education

KCTCS

The head of the Kentucky Community and Technical College System has been appointed to a new national board that advocates for the needs of community colleges. 

KCTCS President Jay Box says the board called “Reclaiming America’s Middle Class” promotes the value of community colleges to students, communities, and the economy. He says that’s something often not wellunderstood by policy makers.

"We are the primary provider of workforce education and training in all states, and we realize that the jobs our graduates get are those middle class jobs, the jobs that are so important in our economy," Box told WKU Public Radio.

The board has several priorities, including an expansion of Pell Grants for summer classes. Box says that would help students complete their education quicker and with less cost. 

The board is made up of leaders from the nation’s largest community college systems.  KCTCS has 16 schools and 70 campus locations.

Joe Corcoran

Bowling Green mayor Bruce Wilkerson is adding the title of college president to his resume.

Daymar College announced Wednesday that Wilkerson will lead their campus in Bowling Green.

He’ll continue as the city’s mayor.

The Owensboro-based school’s campus in Warren County had 214 students enrolled last year, and produced 133 graduates.

Wilkerson said he’ll focus on the quality of students, not quantity.

“Numbers aren’t the important part," the Bowling Green Mayor said. "Our focus will be on the individual student and making sure they have the opportunity to meet the goals they’ve set for themselves. We hope that in doing that, the reputation of Daymar will lead us to grow.”

Daymar’s reputation took a hit in 2014 when it was sued by then-Kentucky Attorney General Jack Conway for alleged violations of the state’s Consumer Protection Act.

WKU

In an e-mail to faculty and staff late Wednesday afternoon, WKU President Gary Ransdell said Governor Matt Bevin's proposed budget cuts to higher education present a substantial challenge to the university.

Bevin's proposal calls for a 4.5 percent budget cut this fiscal year. That translates to $3.3 million out of WKU's budget by the end of June. Nine percent reductions would go into effect after that.

"There are many details of this plan that are yet to be understood, and with regard to performance funding, those details have yet to be defined," Ransdell said in his message. "So we are a long way from fully knowing how WKU will be impacted by these proposals.  I am confident, however, that WKU will fare well in any measure that is outcome or performance based.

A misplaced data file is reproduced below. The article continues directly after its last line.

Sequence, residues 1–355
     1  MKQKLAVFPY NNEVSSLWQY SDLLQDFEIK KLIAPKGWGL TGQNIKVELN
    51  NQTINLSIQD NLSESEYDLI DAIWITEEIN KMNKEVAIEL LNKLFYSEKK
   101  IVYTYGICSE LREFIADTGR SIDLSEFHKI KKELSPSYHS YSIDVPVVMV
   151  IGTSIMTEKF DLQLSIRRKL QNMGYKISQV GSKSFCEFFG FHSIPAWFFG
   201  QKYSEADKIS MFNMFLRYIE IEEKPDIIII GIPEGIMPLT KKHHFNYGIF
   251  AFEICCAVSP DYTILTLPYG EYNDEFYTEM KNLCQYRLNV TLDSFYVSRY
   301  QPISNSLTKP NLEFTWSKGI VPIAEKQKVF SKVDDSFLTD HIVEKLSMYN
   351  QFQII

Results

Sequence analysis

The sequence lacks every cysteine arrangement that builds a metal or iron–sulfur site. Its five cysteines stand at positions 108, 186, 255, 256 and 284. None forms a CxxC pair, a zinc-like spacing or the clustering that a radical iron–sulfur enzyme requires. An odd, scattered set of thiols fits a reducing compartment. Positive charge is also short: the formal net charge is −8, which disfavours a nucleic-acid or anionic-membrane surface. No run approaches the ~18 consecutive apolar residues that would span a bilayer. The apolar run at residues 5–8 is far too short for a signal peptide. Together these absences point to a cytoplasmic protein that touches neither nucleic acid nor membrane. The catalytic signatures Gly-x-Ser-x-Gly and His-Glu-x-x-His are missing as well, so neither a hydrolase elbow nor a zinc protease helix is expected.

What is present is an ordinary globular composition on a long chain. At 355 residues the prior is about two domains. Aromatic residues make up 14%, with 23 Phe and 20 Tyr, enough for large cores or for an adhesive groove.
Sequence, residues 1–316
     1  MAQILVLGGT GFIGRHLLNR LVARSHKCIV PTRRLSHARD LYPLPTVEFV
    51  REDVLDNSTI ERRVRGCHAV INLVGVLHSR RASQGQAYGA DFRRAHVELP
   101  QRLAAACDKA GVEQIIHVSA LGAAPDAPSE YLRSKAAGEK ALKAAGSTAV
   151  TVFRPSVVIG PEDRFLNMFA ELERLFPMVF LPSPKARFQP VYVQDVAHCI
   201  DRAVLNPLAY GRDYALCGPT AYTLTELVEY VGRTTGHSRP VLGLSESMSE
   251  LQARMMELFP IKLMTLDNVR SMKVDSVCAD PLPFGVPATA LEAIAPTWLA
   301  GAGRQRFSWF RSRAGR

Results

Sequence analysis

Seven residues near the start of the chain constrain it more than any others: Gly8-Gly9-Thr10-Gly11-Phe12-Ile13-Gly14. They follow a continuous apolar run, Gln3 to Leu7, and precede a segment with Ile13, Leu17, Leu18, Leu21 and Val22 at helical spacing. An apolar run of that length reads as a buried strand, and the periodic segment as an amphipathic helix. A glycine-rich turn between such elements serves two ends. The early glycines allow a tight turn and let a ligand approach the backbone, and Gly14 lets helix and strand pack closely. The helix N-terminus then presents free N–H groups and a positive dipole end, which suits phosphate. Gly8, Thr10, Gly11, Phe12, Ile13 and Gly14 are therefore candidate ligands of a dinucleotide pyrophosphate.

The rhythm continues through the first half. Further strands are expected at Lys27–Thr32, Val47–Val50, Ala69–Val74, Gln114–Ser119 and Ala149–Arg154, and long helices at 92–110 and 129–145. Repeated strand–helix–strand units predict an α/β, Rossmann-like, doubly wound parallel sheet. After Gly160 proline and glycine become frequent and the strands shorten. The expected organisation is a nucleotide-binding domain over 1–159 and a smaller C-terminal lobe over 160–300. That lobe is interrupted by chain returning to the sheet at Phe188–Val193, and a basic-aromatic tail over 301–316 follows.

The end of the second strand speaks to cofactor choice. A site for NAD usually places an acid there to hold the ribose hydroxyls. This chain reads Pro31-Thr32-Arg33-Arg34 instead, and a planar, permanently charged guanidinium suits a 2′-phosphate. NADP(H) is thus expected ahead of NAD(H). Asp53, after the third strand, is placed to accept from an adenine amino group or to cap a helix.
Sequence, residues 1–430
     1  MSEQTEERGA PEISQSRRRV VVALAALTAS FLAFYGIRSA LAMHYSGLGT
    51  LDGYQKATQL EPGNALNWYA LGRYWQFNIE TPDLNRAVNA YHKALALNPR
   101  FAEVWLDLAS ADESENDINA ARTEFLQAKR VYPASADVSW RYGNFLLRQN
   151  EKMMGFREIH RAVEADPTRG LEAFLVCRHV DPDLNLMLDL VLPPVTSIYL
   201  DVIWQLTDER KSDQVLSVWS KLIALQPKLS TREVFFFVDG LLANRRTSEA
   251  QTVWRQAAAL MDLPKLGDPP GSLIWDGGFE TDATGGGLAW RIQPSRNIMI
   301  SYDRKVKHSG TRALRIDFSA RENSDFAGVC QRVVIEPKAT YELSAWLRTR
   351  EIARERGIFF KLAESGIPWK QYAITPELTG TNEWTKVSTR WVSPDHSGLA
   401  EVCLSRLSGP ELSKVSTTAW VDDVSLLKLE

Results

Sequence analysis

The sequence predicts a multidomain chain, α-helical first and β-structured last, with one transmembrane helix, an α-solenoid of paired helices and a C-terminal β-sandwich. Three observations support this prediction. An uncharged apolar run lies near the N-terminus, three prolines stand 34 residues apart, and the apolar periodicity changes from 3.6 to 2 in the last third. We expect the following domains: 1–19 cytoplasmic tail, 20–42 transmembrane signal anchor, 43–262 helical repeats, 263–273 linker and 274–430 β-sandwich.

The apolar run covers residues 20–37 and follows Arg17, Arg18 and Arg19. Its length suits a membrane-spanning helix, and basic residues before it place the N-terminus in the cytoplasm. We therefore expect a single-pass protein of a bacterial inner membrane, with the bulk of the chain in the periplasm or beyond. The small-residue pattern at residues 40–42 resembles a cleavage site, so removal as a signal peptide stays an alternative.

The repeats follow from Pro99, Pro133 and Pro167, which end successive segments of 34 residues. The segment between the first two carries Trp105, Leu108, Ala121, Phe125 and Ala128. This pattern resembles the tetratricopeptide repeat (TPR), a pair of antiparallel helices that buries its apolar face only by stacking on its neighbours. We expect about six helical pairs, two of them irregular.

Ransdell says the budget contains at least one bright spot for WKU. Gov. Bevin's budget proposal contains an equity funding appropriation for both WKU and Northern Kentucky University. Ransdell says the appropriation would held "level the playing field for our students who are paying a disproportionate share of their education in comparison to students at other Kentucky universities."

University of Louisville

Gov. Matt Bevin on Thursday withdrew a motion from former Kentucky Gov. Steve Beshear that would have dismissed a lawsuit accusing Beshear of breaking state law when he did not appoint a single African-American to the University of Louisville’s Board of Trustees last year.

Bevin filed pleadings Thursday with the Franklin Circuit Court “expressing his agreement” with the group that filed the lawsuit, according to his office.

Last summer, the West Louisville-based Justice Resource Center asked then-Attorney General Jack Conway to weigh in on whether U of L was out of compliance with the racial minority requirement state law, which requires the board to have a proportional representation of minorities.

Activists said Conway ducked the issue when he released an opinion requiring that Beshear appoint at least one racial minority to the board. The governor appoints 17 of the 20 U of L trustees; by appointing one African-American, Beshear would have brought the total to two.

J. Tyler Franklin/WFPL News)

Two members of the University of Louisville’s Board of Trustees publicly withdrew their support for U of L President James Ramsey during the board’s regular meeting today.

In September, all 20 trustees signed a letter affirming their support for Ramsey as the state auditor’s office began an investigation into the relationship between the school and its $1.1 billion nonprofit foundation. Ramsey is the head of both entities, and he is a voting member of the foundation’s board of directors.

Alluding to the numerous scandals that have emerged at the university over the past few months, trustee Steve Campbell interjected early in the meeting to announce he was withdrawing his support for Ramsey.